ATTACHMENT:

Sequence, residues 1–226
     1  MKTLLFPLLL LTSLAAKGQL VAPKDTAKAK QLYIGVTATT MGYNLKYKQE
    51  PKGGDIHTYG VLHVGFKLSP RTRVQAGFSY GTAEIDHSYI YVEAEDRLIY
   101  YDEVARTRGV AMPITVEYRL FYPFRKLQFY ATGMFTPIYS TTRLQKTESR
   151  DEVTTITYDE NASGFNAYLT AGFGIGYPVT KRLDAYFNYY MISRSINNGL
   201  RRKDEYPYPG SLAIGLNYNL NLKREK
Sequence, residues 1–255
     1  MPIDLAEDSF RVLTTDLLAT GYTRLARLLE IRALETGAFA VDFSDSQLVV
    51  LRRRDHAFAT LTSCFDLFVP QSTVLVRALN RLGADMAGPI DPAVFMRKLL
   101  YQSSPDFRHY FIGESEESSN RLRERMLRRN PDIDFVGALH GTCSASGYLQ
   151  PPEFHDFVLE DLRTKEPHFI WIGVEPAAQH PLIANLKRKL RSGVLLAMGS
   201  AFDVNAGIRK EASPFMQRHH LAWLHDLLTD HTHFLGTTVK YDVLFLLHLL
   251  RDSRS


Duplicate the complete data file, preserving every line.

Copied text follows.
Sequence, residues 1–226
     1  MKTLLFPLLL LTSLAAKGQL VAPKDTAKAK QLYIGVTATT MGYNLKYKQE
    51  PKGGDIHTYG VLHVGFKLSP RTRVQAGFSY GTAEIDHSYI YVEAEDRLIY
   101  YDEVARTRGV AMPITVEYRL FYPFRKLQFY ATGMFTPIYS TTRLQKTESR
   151  DEVTTITYDE NASGFNAYLT AGFGIGYPVT KRLDAYFNYY MISRSINNGL
   201  RRKDEYPYPG SLAIGLNYNL NLKREK
Sequence, residues 1–255
     1  MPIDLAEDSF RVLTTDLLAT GYTRLARLLE IRALETGAFA VDFSDSQLVV
    51  LRRRDHAFAT LTSCFDLFVP QSTVLVRALN RLGADMAGPI DPAVFMRKLL
   101  YQSSPDFRHY FIGESEESSN RLRERMLRRN PDIDFVGALH GTCSASGYLQ
   151  PPEFHDFVLE DLRTKEPHFI WIGVEPAAQH PLIANLKRKL RSGVLLAMGS
   201  AFDVNAGIRK EASPFMQRHH LAWLHDLLTD HTHFLGTTVK YDVLFLLHLL
   251  RDSRS